MS in Clinical Mental Health Counseling Course Insight: How Military Wives Cope During Deployment
A couple’s emotional bond influences the coping skills a wife may develop when her husband is deployed.
That’s the finding of Bryan Cafferky and Lin Shi, authors of “Military Wives Emotionally Coping During Deployment: Balancing Dependence and Independence,” published in The American Journal of Family Therapy.
“If military wives can maintain a secure emotional connection with their deployed husbands, then their ways of coping will draw strength from and reinforce this emotional bond,” they write. “However, if wives cannot maintain a secure emotional connection, then their coping mechanisms will reflect this experience, and their coping may ultimately adversely affect the emotional bond.”
Cafferky and Shi’s research paper is a key reading assignment for students enrolled in the master’s-level course Working With Military Spouses, Families, and Children at Walden University. In the course, MS in Clinical Mental Health Counseling candidates in the Military Families and Culture specialization learn about the unique support needs of military families.
Read along with Walden’s mental health degree–seekers to learn more about how military wives cope during a spouse’s deployment:1
Throughout deployment, military wives ricocheted between feelings of pride, worry, sadness, gratitude, fear, anger, insecurity, and excitement. They specifically pointed to the separation from and worry about their husbands as the generator powering this rollercoaster of emotions. Even wives who considered themselves to be strong, resourceful, and self-sufficient were deeply affected by the separation. The intensity of their distress heightened when wives did not have husbands who were readily available to support or comfort them.
These wives endured deployment by adopting three types of coping mechanisms: coping that pursued unrealistic closeness to their husbands (which sacrificed their own emotional well-being), coping that emotionally distanced themselves from their deployed husbands (to preserve their emotional well-being), and coping that drew on the strength of their emotional connection with their deployed husbands (which strengthened their emotional well-being).
1. Sacrificing Myself When Pursuing Him
The first emergent theme reflected how some military wives adopted coping strategies which pursued unrealistic closeness to their husbands, largely ignoring the reality of deployment, and therefore adversely affecting their own emotional well-being. These wives chased after any news, direct or indirect, about their husband or their husband’s unit. These wives cloistered themselves away from other people and reported becoming extremely “depressed” or “completely devastated,” with some spending most of the day sleeping or crying in bed.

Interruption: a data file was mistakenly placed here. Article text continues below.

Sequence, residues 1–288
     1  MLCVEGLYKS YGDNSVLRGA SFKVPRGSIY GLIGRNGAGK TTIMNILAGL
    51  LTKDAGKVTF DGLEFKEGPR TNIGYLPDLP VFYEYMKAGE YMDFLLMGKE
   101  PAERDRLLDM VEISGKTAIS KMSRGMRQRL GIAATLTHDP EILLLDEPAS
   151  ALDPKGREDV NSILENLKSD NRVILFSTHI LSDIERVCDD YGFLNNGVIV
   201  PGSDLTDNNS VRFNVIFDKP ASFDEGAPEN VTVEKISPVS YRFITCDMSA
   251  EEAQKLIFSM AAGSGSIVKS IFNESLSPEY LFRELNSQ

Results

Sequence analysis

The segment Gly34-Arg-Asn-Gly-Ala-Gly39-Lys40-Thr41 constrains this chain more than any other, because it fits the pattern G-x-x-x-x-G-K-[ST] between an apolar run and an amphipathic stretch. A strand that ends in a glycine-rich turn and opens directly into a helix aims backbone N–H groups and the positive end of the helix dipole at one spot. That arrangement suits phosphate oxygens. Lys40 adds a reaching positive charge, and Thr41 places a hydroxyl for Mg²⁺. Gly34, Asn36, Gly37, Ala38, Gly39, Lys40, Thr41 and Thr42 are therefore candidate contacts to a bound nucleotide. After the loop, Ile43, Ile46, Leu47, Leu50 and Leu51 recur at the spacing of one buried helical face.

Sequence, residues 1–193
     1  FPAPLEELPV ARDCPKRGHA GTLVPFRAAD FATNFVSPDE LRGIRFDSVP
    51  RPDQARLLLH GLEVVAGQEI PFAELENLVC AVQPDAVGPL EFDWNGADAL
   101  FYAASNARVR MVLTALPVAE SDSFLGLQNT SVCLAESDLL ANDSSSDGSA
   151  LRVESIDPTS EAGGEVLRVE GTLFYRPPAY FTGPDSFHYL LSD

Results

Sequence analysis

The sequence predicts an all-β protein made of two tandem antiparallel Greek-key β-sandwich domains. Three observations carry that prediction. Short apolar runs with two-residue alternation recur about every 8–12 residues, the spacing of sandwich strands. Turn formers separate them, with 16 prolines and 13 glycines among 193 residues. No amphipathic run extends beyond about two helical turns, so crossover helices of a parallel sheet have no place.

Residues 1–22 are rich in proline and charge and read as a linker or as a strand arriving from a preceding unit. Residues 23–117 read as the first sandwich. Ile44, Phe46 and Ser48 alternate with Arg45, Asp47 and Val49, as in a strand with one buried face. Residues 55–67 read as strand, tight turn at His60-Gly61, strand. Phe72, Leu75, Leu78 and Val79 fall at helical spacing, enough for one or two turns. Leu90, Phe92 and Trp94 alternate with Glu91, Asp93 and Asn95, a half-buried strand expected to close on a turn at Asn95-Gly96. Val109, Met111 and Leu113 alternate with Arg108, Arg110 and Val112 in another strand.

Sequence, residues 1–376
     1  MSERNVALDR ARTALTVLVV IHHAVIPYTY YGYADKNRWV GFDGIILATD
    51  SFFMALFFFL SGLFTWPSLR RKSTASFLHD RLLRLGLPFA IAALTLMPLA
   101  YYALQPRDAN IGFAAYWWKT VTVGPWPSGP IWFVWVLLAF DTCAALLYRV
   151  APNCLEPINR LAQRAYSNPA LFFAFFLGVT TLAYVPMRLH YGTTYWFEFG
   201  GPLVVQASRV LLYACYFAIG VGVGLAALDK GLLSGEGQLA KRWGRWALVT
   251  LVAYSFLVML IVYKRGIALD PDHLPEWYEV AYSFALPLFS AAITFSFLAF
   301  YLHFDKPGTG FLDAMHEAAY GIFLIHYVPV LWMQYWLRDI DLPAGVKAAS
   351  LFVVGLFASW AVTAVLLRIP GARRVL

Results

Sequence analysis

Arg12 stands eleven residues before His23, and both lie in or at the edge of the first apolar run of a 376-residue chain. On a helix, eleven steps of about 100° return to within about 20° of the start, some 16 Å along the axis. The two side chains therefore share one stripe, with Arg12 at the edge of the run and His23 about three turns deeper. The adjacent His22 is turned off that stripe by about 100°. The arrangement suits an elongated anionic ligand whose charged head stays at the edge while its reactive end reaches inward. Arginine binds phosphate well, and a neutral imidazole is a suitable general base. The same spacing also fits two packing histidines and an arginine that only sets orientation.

Some wives were angry and resentful of their situation but seemed to use these emotions as a bid for staying emotionally connected. Some wives were angry at deployment, at God, at the military, at the world, and/or at civilians and reported not fully understanding what they had “signed up” for when they married a “military man.” The wives who seemed to express the most anger also reported feeling extremely isolated/lonely, and that they never received enough support from anyone.
2. Preserving Myself by Pushing Him Away
The second major emergent theme reflected coping strategies military wives used to emotionally distance themselves from their deployed husbands. These wives’ emotional distress became so overwhelming that they chose protecting their own emotional well-being over attempting to stay emotionally connected with their husbands whom they perceived to be emotionally unavailable. These emotional distancing strategies included:
All but two of the military wives reported an internal shift and arriving at a strong realization that they needed to become independent to survive deployment. These military wives reported feeling pressure from their husbands and their military community to expertly manage all the demanding household and parenting responsibilities. Several of these military wives were able to pinpoint a particular “aha” moment when they realized that they had been “cruel” to themselves by staying at home and avoiding people, or that they had children who needed a mother to survive, or that they had become accustomed to being alone—and that they could only rely on themselves.
Some wives reported living in a perpetual state of denial. These wives tried not to learn about their husbands’ situation because it “will ruin your life.” These military wives purposefully held onto denial to escape from their emotional world of worry. A new military wife remembers the first weeks of her first deployment: “I was kind of like in my own world at that point. I think I was in denial a lot. For the longest time I would forget that I was pregnant. It was like my worst nightmare had come true, because what if he didn’t come back?”